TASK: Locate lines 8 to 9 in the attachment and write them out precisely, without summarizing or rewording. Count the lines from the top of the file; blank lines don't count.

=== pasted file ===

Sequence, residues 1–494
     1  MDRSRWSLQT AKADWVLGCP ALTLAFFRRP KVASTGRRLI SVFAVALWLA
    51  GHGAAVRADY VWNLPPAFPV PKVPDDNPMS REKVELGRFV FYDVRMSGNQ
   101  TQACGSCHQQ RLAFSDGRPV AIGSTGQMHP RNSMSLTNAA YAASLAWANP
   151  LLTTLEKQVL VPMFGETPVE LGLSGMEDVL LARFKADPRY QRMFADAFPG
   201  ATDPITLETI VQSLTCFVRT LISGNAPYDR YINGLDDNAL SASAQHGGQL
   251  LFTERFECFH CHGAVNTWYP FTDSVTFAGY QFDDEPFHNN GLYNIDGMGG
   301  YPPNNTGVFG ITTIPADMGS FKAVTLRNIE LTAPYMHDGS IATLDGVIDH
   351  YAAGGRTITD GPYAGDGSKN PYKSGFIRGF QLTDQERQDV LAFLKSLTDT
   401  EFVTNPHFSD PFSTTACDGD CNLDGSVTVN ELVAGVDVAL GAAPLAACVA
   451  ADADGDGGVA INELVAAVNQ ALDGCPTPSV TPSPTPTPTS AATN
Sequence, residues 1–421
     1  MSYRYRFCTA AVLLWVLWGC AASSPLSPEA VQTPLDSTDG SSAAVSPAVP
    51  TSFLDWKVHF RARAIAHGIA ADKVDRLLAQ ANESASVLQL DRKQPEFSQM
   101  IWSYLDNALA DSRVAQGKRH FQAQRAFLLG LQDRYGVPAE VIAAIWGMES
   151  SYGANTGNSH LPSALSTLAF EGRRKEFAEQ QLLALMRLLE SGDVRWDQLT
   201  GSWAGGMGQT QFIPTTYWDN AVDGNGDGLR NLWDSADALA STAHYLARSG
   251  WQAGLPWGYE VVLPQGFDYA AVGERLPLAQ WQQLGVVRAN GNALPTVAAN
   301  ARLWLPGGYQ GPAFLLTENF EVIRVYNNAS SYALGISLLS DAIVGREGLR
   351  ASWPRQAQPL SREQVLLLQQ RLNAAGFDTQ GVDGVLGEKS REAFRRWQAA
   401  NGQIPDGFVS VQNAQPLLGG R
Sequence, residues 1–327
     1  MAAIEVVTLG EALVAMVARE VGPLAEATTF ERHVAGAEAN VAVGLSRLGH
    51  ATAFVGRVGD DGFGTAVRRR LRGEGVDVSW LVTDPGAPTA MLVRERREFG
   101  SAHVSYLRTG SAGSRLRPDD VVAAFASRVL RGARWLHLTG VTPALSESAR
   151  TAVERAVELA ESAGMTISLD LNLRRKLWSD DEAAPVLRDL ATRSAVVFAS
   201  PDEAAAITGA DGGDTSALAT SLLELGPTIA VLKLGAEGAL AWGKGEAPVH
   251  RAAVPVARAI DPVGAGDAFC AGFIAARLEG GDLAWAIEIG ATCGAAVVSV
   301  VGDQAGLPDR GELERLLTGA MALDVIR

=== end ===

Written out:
   301  YPPNNTGVFG ITTIPADMGS FKAVTLRNIE LTAPYMHDGS IATLDGVIDH
   351  YAAGGRTITD GPYAGDGSKN PYKSGFIRGF QLTDQERQDV LAFLKSLTDT